The worldwide outlook for peace and prosperity at the start of the 1980s is not very good, according to leading experts in economics, energy and defense at the Brookings Institution.
The gloomy assessment of the world was contained in the book "Setting National Priorities, Agenda for the 1980s," which was released yesterday by Brookings. The book contains the work of 19 Brookings experts in various fields.
The list of problems is growing, "and the consequences of inaction will become ever more serious," writes Joseph A. Pechman, director of Brookings' economic studies.
"Continued inflation distorts economic activity, undermines the values of the dollar and increases social tensions. Vacillation on energy conservation exposes the United States to the danger of economic paralysis at home and to blackmail from abroad," Pechman says. "Foreign policy cannot be conducted effectively when the economy is heavily dependent on foreign oil, and domestic economic policy options are greatly restricted by economic and political developments overseas."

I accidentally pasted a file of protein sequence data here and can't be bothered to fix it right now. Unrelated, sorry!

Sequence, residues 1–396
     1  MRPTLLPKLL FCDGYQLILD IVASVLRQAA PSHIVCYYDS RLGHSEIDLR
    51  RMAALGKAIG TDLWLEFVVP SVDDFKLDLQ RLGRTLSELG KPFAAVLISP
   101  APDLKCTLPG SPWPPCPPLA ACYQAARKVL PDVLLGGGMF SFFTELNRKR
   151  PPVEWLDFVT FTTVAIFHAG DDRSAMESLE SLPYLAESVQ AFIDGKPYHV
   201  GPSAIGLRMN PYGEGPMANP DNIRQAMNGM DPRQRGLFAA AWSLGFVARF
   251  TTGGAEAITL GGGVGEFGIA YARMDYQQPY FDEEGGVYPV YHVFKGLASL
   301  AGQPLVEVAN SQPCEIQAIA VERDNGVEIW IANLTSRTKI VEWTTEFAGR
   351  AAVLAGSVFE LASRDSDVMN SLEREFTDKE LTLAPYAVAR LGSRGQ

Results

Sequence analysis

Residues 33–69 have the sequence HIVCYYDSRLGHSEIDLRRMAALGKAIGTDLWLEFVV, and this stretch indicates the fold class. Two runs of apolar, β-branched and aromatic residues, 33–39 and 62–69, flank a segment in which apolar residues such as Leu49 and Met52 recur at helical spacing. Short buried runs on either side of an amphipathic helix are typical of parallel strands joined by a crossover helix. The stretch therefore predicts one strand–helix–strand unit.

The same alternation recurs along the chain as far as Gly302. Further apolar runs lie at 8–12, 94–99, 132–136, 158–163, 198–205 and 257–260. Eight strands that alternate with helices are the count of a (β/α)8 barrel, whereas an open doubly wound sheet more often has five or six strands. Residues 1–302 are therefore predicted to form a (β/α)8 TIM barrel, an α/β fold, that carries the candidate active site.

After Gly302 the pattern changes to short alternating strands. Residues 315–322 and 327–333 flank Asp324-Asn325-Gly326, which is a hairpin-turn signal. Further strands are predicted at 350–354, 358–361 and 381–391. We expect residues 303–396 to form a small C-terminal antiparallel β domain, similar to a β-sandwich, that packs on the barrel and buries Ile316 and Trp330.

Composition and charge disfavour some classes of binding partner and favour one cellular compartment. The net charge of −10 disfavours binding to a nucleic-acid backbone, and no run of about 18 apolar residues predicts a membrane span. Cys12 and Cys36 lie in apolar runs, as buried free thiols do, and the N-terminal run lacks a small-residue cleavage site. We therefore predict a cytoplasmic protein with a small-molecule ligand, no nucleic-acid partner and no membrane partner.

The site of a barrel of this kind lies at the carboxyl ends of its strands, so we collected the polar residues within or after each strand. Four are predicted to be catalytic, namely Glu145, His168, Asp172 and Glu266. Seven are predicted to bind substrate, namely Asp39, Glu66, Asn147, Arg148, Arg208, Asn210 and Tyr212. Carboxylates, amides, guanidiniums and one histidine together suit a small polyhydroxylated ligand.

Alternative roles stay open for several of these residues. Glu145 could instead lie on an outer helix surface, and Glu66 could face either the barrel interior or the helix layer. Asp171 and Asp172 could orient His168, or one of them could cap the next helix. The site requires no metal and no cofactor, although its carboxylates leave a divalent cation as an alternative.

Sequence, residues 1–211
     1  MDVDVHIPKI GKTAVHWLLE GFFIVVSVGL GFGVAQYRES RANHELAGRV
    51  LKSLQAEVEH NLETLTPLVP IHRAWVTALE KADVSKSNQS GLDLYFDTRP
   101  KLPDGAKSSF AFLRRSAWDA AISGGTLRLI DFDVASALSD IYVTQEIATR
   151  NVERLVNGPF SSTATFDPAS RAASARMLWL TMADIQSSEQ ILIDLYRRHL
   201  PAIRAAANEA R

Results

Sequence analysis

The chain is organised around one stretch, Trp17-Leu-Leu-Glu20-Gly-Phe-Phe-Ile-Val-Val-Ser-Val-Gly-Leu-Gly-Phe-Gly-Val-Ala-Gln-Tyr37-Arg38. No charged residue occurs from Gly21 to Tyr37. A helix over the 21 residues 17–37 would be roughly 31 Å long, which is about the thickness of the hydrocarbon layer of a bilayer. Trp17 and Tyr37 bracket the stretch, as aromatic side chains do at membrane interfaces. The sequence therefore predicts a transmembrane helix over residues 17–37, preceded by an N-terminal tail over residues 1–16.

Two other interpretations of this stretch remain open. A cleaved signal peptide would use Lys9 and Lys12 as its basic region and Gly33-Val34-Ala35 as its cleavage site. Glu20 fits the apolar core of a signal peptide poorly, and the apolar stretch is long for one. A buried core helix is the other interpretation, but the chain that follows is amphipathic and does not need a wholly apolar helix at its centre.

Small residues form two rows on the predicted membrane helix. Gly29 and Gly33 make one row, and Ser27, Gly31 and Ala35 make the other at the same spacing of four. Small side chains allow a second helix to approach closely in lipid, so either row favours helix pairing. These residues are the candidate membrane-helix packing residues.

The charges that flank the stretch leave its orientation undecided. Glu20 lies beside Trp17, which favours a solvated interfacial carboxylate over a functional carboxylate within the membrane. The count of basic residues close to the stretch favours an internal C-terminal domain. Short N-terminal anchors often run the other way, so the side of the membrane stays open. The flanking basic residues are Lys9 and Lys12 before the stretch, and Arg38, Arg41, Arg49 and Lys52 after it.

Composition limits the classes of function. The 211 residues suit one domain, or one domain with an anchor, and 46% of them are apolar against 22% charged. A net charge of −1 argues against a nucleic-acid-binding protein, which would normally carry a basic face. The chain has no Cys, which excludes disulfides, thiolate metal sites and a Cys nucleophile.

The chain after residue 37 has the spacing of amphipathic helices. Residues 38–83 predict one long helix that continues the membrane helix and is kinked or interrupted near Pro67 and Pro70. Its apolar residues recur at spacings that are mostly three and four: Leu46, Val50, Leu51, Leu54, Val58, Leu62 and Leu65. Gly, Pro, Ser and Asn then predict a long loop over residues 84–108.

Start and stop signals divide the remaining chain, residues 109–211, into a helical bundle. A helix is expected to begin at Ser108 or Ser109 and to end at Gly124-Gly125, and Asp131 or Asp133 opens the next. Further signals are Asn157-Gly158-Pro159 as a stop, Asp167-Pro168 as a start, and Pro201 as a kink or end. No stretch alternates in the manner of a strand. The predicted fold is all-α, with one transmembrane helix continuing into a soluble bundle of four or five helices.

In a chapter on the economy, Barry Bosworth, former director of President Carter's Council on Wage and Price Stability, spells out why inflation soared last year and why he believes wage and price controls are needed.
In late 1978, when Bosworth was still at the COWPS, the administration "adopted an anti-inflation program that focused on a tightening of fiscal policy to induce a pause in the economic expansion, a set of voluntary wage-price standards, and an effort to develop a microeconomic framework to evaluate and reduce the inflationary effect contributed by government actions," he says.
Last year, Bosworth continues, the administration's anti-inflation program "gradually fell apart. The slowdown in demand growth was delayed, and some pressures from shortages pushed up raw-material prices. Housing prices continued to rise at a rapid pace, and there were no contingency plans to deal with the unanticipated sharp increases first in farm and later in petroleum prices . . . In addition, support for the (voluntary wage-price) standards was further eroded by the perception that the standards were 'bent' in a few large union settlements.
"The government did not convince the public that it regarded inflation as serious or that it was taking the lead in exercising the restraint necessary to solve the problem," he says.
"There is no policy that can break the current momentum of the wage-price spiral without high costs; yet a continuation of recent trends is also costly," Bosworth writes. "A mild recession is too weak, and voluntary incomes programs have lost their credibility. Given a desire to slow the inflation, the choice is rapidly becoming reduced to one of severe recession versus wage-price controls."